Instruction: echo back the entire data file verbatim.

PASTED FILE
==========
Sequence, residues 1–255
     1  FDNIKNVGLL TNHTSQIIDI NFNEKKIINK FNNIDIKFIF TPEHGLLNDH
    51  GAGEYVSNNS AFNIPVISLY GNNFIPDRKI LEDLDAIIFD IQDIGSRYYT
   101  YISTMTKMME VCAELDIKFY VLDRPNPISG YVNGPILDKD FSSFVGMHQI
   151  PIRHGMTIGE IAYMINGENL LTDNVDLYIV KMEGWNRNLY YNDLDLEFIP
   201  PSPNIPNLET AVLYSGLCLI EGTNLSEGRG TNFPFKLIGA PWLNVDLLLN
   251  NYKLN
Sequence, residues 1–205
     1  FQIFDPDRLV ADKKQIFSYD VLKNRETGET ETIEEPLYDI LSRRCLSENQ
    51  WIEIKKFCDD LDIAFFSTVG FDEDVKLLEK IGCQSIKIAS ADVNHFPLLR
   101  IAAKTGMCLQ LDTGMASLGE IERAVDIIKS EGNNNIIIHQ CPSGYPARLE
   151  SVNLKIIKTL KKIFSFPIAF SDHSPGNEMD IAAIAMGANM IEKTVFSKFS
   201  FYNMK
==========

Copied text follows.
Sequence, residues 1–255
     1  FDNIKNVGLL TNHTSQIIDI NFNEKKIINK FNNIDIKFIF TPEHGLLNDH
    51  GAGEYVSNNS AFNIPVISLY GNNFIPDRKI LEDLDAIIFD IQDIGSRYYT
   101  YISTMTKMME VCAELDIKFY VLDRPNPISG YVNGPILDKD FSSFVGMHQI
   151  PIRHGMTIGE IAYMINGENL LTDNVDLYIV KMEGWNRNLY YNDLDLEFIP
   201  PSPNIPNLET AVLYSGLCLI EGTNLSEGRG TNFPFKLIGA PWLNVDLLLN
   251  NYKLN
Sequence, residues 1–205
     1  FQIFDPDRLV ADKKQIFSYD VLKNRETGET ETIEEPLYDI LSRRCLSENQ
    51  WIEIKKFCDD LDIAFFSTVG FDEDVKLLEK IGCQSIKIAS ADVNHFPLLR
   101  IAAKTGMCLQ LDTGMASLGE IERAVDIIKS EGNNNIIIHQ CPSGYPARLE
   151  SVNLKIIKTL KKIFSFPIAF SDHSPGNEMD IAAIAMGANM IEKTVFSKFS
   201  FYNMK